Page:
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SoylentNews is people

posted by martyb on Friday May 30 2014, @09:14AM   Printer-friendly
from the needs-a-spoonful-of-sugar? dept.

Some soylentils have an interest in the Soylent food product, which claims to be complete, scientifically-based nutrition. Now Farhad Manjoo at the New York Times has spent a week and a half living off of it, and found it disappointing:

I just spent more than a week experiencing Soylent, the most joyless new technology to hit the world since we first laid eyes on MS-DOS.

Read the rest at the NYT: The Soylent Revolution Will Not Be Pleasurable.

 
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  • (Score: 2, Informative) by khchung on Friday May 30 2014, @09:50AM

    by khchung (457) on Friday May 30 2014, @09:50AM (#49080)

    I RTFA and you won't find any more substance in than the summary.

    Duh, a product designed for simplicity and efficiency isn't exciting, say what?

    Mr. Manjoo must be the kind of people that find technical documents boring, science papers lacking in flair, and financial reports in need of some spicing up. Next, he will complain about bottled water being too plain, and printing papers too white.

    For people who still thinks Manjoo is sincere in testing the product, note that he didn't try to mix in different flavorings into his Soylent, nor did he mention taking a break from Soylent and eat with friends when he craved for the dining experience. Both of which a normal Soylent customer would do when getting bored with eating Soylent.

    Duh! When you force yourself to keep doing one thing just so you can write an article to "report" on it, of course it would felt like a chore!

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  • (Score: 4, Informative) by romlok on Friday May 30 2014, @10:06AM

    by romlok (1241) on Friday May 30 2014, @10:06AM (#49086)

    Are you sure you RTFA?

    note that he didn't try to mix in different flavorings into his Soylent

    FTFA, emphasis mine:

    Soylent's instructions suggested adding peanut butter, fruit, vanilla extract or other flavorings to the drink. I did, but still, Soylent tasted pretty much the same from day to day - like gritty, thinned-down pancake batter, inoffensive and dull.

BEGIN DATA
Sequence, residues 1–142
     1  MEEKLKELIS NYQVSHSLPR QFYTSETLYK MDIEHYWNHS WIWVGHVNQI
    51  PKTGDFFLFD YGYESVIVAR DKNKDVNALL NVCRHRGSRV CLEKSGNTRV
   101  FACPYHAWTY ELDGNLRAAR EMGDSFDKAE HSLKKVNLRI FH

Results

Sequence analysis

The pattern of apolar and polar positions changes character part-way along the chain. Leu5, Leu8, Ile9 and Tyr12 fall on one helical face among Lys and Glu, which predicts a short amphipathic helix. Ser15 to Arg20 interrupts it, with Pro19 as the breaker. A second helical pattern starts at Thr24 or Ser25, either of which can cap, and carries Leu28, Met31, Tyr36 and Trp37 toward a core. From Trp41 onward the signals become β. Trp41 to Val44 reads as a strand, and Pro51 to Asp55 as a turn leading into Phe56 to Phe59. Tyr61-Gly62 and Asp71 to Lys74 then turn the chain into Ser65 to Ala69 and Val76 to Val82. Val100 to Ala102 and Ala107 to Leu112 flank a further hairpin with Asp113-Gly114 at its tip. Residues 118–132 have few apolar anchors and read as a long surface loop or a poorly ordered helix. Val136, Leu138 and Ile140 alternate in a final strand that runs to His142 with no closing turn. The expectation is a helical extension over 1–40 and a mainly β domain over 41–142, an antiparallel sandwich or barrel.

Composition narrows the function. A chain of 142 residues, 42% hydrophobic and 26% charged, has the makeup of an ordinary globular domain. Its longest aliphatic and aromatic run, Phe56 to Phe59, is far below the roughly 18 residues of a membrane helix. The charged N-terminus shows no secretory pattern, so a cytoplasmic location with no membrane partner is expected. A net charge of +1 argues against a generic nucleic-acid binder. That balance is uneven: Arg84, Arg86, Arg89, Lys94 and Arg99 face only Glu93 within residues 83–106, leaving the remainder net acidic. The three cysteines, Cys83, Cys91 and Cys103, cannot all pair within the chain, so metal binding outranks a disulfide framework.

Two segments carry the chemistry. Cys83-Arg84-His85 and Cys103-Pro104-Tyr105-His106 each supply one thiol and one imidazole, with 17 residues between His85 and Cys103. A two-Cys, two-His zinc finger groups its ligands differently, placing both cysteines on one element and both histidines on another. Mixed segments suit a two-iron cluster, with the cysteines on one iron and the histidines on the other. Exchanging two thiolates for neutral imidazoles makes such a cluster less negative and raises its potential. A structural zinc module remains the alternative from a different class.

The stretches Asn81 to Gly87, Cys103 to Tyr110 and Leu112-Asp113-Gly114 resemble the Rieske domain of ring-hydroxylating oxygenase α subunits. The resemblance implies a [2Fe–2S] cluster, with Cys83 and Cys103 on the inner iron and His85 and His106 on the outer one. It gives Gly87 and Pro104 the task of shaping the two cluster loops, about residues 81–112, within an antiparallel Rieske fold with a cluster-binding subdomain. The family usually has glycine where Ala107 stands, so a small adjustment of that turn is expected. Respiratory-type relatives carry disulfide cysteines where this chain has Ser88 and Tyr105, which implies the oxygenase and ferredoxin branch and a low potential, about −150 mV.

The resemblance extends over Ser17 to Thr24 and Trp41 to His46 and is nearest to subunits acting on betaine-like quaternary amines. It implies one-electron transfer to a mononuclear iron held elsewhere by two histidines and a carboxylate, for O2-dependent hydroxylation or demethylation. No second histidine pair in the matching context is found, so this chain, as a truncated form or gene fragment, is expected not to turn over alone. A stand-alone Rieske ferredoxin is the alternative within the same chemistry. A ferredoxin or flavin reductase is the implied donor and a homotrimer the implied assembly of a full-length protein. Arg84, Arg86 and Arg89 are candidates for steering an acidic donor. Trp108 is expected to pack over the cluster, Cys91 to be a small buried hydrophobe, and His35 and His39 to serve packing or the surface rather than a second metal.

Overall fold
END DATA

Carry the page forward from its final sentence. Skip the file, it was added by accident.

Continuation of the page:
nor did he mention taking a break from Soylent and eat with friends when he craved for the dining experience

    FTFA:

    During the last week and a half, I consumed Soylent for most, but not all, of my meals. There were a couple of days when more than 90 percent of my calories came from the powder.

    • (Score: 2) by EvilJim on Friday May 30 2014, @10:32AM

      by EvilJim (2501) on Friday May 30 2014, @10:32AM (#49088) Journal

      yep, those instructions sound terrible, how about some good flavours? bet he didn't actually try fruit, that would likely be decent, even mixed with cement fruit is good.

      • (Score: 2) by Magic Oddball on Saturday May 31 2014, @08:00AM

        by Magic Oddball (3847) on Saturday May 31 2014, @08:00AM (#49492) Journal

        According to the article, fruit was on the 'recommended' list he tried: "peanut butter, fruit, vanilla extract or other flavorings."

        I had to take bland, thick 'liquid' nutrition (which is extremely close in ingredients to Soylent) as a kid, and can attest that flavoring it is extremely difficult at best; it tends to either be untouched by a flavoring, or become nasty, sometimes gag-inducingly so. If you were to mix original gritty Metamucil, oatmeal, Bisquick, and heavy (liquid) whipping cream together, you might get a good approximation of it just for the challenge. You might want to have a quick-acting nausea pill nearby, though... ;-)

        That said, Farhad Manjoo is such an ignorant, smug little twat that I stopped reading the tech section at the last two sites he wrote for. Given they both hired him just when they switched over to printing a lot of trollish clickbait (like that article) and ads disguised as reviews, his presence at the NYT is probably a very bad sign.